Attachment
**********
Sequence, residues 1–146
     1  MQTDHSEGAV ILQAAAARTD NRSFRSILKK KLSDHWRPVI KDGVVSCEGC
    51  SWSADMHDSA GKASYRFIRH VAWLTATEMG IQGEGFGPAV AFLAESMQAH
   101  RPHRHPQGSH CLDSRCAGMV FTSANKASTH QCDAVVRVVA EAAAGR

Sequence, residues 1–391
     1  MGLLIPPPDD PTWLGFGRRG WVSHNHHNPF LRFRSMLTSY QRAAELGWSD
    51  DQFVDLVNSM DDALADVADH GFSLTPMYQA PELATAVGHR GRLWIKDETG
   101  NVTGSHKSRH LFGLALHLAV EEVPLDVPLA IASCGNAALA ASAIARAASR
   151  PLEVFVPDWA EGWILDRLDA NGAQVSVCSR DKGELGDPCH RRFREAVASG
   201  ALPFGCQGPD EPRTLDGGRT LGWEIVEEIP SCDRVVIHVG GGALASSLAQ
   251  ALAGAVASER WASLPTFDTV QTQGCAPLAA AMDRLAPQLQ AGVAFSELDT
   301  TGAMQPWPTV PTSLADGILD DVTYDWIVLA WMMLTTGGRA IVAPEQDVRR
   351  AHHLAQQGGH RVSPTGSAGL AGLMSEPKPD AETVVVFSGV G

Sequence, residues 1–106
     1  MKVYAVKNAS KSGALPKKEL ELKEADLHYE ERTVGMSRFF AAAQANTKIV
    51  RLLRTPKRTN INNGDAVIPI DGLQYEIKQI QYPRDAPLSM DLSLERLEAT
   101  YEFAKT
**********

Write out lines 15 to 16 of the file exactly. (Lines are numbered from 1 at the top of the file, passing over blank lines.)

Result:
     1  MKVYAVKNAS KSGALPKKEL ELKEADLHYE ERTVGMSRFF AAAQANTKIV
    51  RLLRTPKRTN INNGDAVIPI DGLQYEIKQI QYPRDAPLSM DLSLERLEAT